from Autosport 18th November 1976
by Chris Witty
Undoubtedly the find of the year must have been Riccardo Patrese, the 22-year-old ex-World Karting Champion from Italy who was embarking on his second season of racing and, like Giacomelli, his first year in Formula 3.
Patrese ran a works-supported Chevron B34 for the Italian Chevron importer Pino Trivellato. His first appearance was at the Nurburgring, where he gave Andersson a scare by staying right on the pace at this daunting German track. When it started to rain, everyone expected the Italian to fall off (as most of them do), but young Ric eased back to consolidate and finish third. It had been his first experience of driving on slick tyres in the rain. From there onwards the seed was sown.
Concentrating on the European Formula 3 Championship, Patrese’s natural flair started to show through, and along with it the results started to flow as well. His success did wonders for the Bolton company, who suddenly became inundated with orders from overseas and could not cater for their own works-assisted team which, in retrospect, was unfortunate for Geoff Lees who was to be their driver.
A former team-mate to Eddie Cheever in the Italian karting team, Patrese’s approach to the job in hand showed remarkable maturity for one so young. And yet, as with Cheever, we tended to overlook that he had been racing in tough competition for quite a few years beforehand.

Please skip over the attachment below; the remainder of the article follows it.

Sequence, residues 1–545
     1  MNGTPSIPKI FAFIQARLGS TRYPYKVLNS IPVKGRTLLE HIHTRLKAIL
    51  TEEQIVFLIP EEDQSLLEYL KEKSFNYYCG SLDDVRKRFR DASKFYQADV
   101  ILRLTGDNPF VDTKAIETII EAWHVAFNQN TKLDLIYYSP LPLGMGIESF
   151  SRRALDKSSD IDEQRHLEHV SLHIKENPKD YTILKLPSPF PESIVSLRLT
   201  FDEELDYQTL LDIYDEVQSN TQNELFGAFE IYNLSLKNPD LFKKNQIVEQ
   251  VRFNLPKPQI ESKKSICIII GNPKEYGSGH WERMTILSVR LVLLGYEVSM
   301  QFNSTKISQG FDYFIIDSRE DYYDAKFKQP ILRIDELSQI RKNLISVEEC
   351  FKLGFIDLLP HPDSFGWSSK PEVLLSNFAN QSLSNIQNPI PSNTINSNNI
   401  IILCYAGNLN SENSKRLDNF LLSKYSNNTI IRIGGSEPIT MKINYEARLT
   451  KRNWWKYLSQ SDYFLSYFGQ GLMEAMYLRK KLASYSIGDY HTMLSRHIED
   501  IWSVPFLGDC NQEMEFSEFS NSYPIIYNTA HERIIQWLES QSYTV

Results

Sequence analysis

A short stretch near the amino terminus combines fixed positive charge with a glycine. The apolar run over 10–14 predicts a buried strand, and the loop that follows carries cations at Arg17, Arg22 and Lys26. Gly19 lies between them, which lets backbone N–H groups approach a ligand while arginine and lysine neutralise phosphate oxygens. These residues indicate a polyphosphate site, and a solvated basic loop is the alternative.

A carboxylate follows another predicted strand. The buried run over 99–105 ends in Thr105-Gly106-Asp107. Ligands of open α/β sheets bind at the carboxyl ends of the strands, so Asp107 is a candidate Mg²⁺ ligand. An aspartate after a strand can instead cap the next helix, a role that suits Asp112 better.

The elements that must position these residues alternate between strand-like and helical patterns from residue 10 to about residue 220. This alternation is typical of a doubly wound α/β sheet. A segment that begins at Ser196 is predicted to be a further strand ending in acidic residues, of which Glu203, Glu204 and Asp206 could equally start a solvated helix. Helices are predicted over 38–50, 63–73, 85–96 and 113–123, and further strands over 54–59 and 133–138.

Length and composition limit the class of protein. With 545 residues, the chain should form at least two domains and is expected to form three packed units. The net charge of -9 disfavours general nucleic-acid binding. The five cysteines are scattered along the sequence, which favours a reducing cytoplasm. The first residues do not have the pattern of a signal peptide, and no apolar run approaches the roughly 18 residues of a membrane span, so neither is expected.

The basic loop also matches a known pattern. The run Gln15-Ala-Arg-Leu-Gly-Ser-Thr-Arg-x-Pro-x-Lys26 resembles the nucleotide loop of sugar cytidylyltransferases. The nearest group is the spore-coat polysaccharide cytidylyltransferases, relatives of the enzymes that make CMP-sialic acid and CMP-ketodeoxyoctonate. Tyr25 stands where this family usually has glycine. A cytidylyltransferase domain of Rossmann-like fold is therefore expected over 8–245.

But as the year progressed and the tension began to mount, Patrese’s cool and calm approach began to change. He started to let his emotions get the better of him and, following an incident at the penultimate round of the European Championship in which another competitor knocked him off, the Italian press started a slur campaign against Andersson who, for some crazy reason, they thought to be the root cause behind the incident. With Patrese adding coals to the fire at every opportunity, the final round turned into a bout of uncontrolled histrionics, with the Italian venting his feelings towards Andersson’s race tactics with a tearful outburst. But out of it all came the European and Italian Championships!
Providing he can control his emotions, his dedicated and smooth driving style will, no doubt, see him progress – providing he can control himself, and the Italians treat him as a mortal and not like a second Messiah.
© Autosport magazine – Reproduced with permission